In last month's blog, we discussed volunteering to support mental health awareness. While volunteering impacts the cause or people being helped, it also offers many benefits to the volunteer – both personally and professionally. For starters, related to mental wellness, volunteering can reduce stress, combat depression, mentally stimulate, and provide a sense of purpose. Volunteerism can also have a tremendous impact on your career.
Volunteering can help you build career-related skills, gain practical experience, and meet people with whom you can network. Building skills and experience can lead to greater career mobility, advancement, and satisfaction. Career changers and those just looking to stretch their wings may see an increased level of confidence after honing their skills in a volunteer position. Your newly developed self-assurance may also help interview performance.
According to The Society for Human Resource Management (SHRM), more than 50% of employers state it is difficult to find candidates with soft skills. Employers also contend that students are not learning soft skills in college. Soft skills may be more challenging for colleges to teach because they tend to be more behavioral and personality-related characteristics. An abbreviated list of soft skills employers seek includes critical thinking, innovation, creativity, complex problem-solving, and communication.
Hard skills are also in great demand. Hard skills are typically job-specific. They include business analytics, financial management, analytical reasoning, technology, project management, and accounting -- to name just a few. Additionally, technology is changing the workplace faster than ever and finding its way into all types of jobs. According to SHRM, employers assert that college education doesn’t keep pace with technology.
Whether considering soft skills or hard skills, there are no one-size-fits-all skillsets. The right mix of skills varies by job and industry. There are numerous situations where skill development and practical experience can benefit your career. For example, perhaps you:
- are seeking a promotion but lacking the necessary skills
- have a suitable job but in the wrong industry -- or vice versa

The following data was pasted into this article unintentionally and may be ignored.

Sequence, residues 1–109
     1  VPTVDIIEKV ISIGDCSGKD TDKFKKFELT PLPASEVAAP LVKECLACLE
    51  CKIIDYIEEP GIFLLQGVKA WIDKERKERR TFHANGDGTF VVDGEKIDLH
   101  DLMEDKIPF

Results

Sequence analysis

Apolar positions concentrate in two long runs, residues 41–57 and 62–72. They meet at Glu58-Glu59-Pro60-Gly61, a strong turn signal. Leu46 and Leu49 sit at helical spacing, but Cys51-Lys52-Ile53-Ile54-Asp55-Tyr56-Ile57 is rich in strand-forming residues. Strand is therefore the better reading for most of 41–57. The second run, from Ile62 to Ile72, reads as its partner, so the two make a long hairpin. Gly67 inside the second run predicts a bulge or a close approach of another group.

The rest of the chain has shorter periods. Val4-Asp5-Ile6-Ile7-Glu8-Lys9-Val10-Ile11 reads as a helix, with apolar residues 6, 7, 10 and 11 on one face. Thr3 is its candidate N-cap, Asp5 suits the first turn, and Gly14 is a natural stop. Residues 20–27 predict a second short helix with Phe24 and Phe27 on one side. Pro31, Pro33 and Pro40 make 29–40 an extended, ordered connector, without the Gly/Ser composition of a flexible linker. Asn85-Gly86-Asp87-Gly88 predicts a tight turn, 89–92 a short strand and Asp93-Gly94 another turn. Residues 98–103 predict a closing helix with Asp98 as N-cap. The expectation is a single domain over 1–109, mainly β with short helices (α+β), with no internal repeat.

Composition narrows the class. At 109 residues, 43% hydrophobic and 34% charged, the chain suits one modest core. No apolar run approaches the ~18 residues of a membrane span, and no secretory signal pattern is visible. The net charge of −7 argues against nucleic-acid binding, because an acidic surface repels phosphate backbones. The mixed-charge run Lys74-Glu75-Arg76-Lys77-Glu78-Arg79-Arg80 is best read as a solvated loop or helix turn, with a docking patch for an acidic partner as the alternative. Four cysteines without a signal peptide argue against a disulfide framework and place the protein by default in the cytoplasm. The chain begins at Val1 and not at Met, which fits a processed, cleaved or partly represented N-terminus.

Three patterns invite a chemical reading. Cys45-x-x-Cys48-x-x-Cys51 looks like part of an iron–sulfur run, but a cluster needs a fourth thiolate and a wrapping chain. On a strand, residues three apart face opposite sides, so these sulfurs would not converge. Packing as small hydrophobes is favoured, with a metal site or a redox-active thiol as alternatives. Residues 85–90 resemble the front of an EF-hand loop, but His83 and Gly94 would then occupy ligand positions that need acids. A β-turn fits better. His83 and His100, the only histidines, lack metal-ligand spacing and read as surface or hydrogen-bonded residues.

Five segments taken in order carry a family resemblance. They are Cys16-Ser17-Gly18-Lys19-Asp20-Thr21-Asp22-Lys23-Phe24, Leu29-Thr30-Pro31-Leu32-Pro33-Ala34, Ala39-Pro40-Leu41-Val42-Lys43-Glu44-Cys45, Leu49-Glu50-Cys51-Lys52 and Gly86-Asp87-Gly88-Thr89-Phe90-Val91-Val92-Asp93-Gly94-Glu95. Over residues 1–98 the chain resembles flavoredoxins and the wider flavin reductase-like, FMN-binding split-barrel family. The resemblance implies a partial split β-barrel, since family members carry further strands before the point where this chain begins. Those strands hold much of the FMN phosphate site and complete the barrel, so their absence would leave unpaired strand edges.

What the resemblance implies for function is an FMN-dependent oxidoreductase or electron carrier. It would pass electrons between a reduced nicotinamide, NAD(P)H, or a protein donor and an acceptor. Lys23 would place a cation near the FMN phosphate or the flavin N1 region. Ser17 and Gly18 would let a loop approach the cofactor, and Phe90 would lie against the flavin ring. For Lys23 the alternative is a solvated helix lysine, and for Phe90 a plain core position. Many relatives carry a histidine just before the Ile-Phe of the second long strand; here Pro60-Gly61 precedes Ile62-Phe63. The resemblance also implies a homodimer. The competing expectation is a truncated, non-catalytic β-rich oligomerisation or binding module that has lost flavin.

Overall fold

- possess basic-level skills but need higher-levels skills to get ahead
- want to change occupations but don't have the practical experience
- pursued a "hot" major but are finding employers also want experience
- completed a less-in-demand college major and are having trouble finding suitable work
Once you've determined the skills you want to build, also consider your interests and values. You'll have a better chance of finding a meaningful and enjoyable volunteer experience if it matches your goals, interests, and values. Next, in addition to your career goals, ask yourself if there is something specific you want to do or achieve as a volunteer. Relevant questions to ask yourself include:
- What skills do I want to build?
- What skills can I offer the volunteer organization?
- Would I prefer to work with adults, children, animals, or remotely from home?
- Would I like to work with people, data/numbers/information, or tools and equipment?
- What's best for me, behind the scenes or a more visible role?
- Are there specific causes that are important to me?
Here are some websites to search for appropriate volunteer opportunities:
- CatchAFire – Listed are hundreds of volunteer projects for many skills and time commitments. Search by skill or browse all projects, including remote options.
- Volunteer – Search for opportunities that match your volunteer interests, from location to type of work.
- Idealist – Find volunteer opportunities in your local area or internationally.
- National and Community Service – Federal organizations offer volunteer positions across the U.S.
- American Red Cross – Volunteer opportunities exist in key service areas.